I find it a little ironic that as I’m putting together an entry for my online journal about how the Manic Street Preachers have influenced the way I design and have been a huge inspiration in my life, I’m listening to their song ‘A Billion Balconies Facing The Sun’ off their most recent album ‘Postcards From A Young Man’. Just in case you don’t know the song, I’ll put my statement into context. James Dean Bradfield bellows out the chorus:-
A billion balconies facing the sun
A billion faces turned to their screens
The perfect answer to camouflage our screams
A billion lies becoming the truth
An ecstasy of the eye
As wide as eternity tonight
Just like Art and Design, lyrics are subjective but I was very amused by the moment and I thought it was worth sharing.
I can imagine if you asked a Graphic Designer what they thought was the inspiration for why they ventured into the Creative Industry, a high percentage would say they were influenced by music and album cover artwork.
I would also be in that high percentage. In the mid-late 90′s I got deeply involved with listening to music and hanging out with the local school bands. I couldn’t play an instrument and I was completely tone deaf. But that didn’t stop me debating the subject and having a very outspoken opinion. It was at this very same time I discovered my love for art and design. I’m sure this was no coincidence. My friends were musically gifted and I desired to find a similar expression, so I could be heard.
Growing up in the old mining town of Abertillery, one band stood out amongst the rest. They were the local celebrities as they came from Blackwood, which was a similar town that was only 7-miles away. At first I was a reactionary. I was unsure of this radical change in music that my peers were embracing. But in time I went along with the Zeitgeist and ever since I’ve become a life long fan of the Manic Street Preachers.
I’ll always remember the first time I had the album cover artwork of ‘The Holy Bible’ in my hand. Sat in a windowsill of a mates bedroom, for an unknown reason my reaction was a mixture of disgust and intrigue. As I poured over the delightfully controversial and shocking ‘Strategy’ paintings by Jenny Saville, I could sense a burning desire in my heart to want to be just as creative and to make a statement.
When it has come to their cover artwork, the Manics have always been dedicated to the process of art and design. From all of their album and singles covers, you can see there’s an enormous amount of detail, effort, and skill that have gone into creating them. They have hand picked some of the finest creatives in the industry to work with; using design and art direction from Farrow Design, original paintings from Neale Howells and Jenny Saville, and photography from Andy Earl, Glenn Lutchford, Mitch Ikeda, Tom Sheehan and John Ross.
The Jenny Saville paintings used for ‘The Holy Bible’ and ‘Journal for plagued lovers’ are instantly captivating and the artwork concept for the album cover ‘Life Blood’ has influenced multiple design agencies and their work. But my personal favourite out of all of the artwork created for the Manic Street Preachers is the collaboration between Nick Wire’s creative concept, the design and direction of Farrow Design with the original paintings of Neale Howells for the album ‘Know Your Enemy’. I love the simplicity of using Neil Howells’ ‘Pollock-esque’ inspired canvases and overlaying the text in a condensed version of Helvetica. The last word on each line has been broken and continues onto the next line, which engages the viewer, tempting them with a moment of thought and to question; “Why has the Designer/Artist decided to break from the norm?”.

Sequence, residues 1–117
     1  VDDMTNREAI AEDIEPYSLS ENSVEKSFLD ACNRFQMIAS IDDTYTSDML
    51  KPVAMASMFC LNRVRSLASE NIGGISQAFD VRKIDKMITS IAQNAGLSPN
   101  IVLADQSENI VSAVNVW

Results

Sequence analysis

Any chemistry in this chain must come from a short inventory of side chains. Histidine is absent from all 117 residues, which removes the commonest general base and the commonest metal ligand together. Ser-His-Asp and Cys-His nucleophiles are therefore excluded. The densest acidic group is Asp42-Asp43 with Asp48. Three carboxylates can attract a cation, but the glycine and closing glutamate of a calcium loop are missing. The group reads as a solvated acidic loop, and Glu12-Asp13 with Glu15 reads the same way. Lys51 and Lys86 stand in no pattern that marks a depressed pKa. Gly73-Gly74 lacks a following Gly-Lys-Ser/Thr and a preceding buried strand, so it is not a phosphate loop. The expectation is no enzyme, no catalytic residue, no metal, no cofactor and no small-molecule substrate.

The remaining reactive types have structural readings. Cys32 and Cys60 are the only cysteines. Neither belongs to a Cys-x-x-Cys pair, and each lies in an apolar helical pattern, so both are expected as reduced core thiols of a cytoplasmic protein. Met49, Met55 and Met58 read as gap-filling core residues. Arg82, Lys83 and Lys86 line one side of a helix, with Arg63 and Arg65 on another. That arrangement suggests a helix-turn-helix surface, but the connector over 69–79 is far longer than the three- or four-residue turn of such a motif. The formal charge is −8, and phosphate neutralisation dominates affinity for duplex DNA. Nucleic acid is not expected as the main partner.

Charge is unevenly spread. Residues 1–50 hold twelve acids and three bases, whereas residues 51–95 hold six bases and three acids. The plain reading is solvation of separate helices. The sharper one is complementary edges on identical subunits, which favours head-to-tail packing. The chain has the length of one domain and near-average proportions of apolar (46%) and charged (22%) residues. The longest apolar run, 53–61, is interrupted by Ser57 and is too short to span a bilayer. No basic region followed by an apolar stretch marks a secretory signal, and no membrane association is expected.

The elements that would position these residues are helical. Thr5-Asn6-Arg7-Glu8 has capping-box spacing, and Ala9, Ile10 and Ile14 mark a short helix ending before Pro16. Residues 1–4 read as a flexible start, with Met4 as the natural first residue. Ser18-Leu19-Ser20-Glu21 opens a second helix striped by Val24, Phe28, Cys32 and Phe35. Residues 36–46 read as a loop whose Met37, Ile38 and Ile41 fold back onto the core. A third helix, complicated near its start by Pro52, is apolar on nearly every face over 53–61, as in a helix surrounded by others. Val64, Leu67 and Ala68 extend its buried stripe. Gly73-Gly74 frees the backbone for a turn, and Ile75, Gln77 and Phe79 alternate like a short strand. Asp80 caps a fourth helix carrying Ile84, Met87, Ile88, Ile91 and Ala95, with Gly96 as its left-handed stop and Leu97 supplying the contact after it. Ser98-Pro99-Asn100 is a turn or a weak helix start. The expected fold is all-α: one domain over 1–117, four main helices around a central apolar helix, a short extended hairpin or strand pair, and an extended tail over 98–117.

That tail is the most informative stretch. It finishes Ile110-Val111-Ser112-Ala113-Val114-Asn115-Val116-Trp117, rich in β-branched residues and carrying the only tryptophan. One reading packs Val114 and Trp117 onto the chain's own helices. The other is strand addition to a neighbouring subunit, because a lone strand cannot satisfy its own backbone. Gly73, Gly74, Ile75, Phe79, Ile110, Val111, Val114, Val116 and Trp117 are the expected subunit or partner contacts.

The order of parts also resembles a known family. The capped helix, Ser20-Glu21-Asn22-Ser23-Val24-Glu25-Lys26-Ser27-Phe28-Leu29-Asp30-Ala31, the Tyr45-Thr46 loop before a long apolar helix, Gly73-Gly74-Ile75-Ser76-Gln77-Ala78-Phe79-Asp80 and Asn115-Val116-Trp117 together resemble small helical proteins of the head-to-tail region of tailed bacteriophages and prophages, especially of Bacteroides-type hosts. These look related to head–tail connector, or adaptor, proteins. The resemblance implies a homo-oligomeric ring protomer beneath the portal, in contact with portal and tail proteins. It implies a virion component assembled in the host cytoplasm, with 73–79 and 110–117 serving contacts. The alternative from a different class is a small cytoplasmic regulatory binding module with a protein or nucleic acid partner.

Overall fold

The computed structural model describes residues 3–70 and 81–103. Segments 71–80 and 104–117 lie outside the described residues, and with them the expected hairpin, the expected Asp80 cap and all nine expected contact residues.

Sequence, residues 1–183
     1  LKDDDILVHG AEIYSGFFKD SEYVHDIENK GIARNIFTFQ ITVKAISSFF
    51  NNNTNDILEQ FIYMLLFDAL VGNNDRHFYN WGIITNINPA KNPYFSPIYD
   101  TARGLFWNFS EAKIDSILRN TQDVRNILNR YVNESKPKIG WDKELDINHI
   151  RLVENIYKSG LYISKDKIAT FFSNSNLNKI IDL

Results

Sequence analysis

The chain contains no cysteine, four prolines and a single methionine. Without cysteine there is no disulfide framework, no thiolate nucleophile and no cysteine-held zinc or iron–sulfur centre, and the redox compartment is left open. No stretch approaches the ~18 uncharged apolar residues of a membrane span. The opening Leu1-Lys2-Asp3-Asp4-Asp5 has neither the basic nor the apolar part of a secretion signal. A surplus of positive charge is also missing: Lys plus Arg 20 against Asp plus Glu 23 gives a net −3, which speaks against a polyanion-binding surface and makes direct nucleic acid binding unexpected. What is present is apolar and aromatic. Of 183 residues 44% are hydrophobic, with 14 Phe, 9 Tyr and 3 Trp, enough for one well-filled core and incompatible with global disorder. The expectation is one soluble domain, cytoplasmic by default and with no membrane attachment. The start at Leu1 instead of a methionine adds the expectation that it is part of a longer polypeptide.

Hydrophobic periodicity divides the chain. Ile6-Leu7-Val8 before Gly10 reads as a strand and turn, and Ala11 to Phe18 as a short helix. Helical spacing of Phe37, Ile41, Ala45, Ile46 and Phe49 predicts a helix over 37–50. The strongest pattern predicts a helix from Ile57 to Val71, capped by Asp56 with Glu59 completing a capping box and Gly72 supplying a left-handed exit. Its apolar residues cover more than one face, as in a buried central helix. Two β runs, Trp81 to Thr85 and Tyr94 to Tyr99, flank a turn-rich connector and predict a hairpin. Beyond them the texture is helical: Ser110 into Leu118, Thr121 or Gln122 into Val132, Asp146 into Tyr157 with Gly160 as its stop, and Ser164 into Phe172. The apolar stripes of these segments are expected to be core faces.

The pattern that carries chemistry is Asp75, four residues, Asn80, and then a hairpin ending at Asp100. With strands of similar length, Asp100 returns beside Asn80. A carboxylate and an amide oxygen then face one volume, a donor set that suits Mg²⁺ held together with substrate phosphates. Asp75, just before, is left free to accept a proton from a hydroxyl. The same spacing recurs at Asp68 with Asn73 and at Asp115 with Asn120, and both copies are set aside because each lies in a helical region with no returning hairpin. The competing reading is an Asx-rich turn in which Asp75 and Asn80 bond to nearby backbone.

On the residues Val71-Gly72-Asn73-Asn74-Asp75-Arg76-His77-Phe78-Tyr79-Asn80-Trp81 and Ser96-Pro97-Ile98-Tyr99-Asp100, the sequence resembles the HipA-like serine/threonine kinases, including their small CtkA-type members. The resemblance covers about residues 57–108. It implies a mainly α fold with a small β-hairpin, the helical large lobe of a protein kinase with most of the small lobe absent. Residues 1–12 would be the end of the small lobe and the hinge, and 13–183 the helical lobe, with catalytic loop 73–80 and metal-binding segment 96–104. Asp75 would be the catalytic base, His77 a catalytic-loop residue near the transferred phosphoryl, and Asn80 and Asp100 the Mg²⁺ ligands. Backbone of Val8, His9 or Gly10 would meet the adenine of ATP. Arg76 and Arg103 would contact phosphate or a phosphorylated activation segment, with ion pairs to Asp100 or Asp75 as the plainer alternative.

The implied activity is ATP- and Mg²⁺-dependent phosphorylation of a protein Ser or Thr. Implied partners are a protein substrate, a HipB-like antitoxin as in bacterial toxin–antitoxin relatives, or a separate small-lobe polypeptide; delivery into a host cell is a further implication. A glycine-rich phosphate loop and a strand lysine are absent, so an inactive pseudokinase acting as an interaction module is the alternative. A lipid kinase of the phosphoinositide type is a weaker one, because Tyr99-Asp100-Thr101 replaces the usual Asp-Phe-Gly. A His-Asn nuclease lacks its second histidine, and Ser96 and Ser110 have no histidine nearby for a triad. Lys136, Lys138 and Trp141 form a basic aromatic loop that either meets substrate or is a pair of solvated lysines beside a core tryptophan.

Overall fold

I was lucky enough that in 1999 the Manic Street Preachers took part in a exhibition called ‘Unconvention’ curated by Jeremy Deller in the old ‘Centre for the Visual Arts’ in Cardiff. The exhibition brought together artists, photographers, poets and organisations that have inspired the work of the the Manics. On show were loaned works by Pablo Picasso, Edvard Munch, Jackson Pollock and Andy Warhol. At that point I had been to multiple art exhibitions across Britain, Spain and France but this was the first to awaken me to the prospect of my voice being heard through the medium of art and design. Once the exhibition came to a close, BBC Wales aired a special feature on ‘Unconvention’, below this post I’ve pasted 2 links to YouTube videos which shows parts 2 and 3 of the documentary. I have been unsuccessful in finding a full version of it and part 1 has been removed from the YouTube website. So, happy hunting if you want to find the start of the documentary and please post a link if you are successful.
I will forever be grateful and inspired by this great Welsh rock band and even though they are taking a much needed break I will look forward to being further influenced by any music or artwork they produce in the future. For this Graphic Designer, the chance to work with the Manic Street Preachers on any art or design project would be the ultimate career dream.
Further Reading & Videos:
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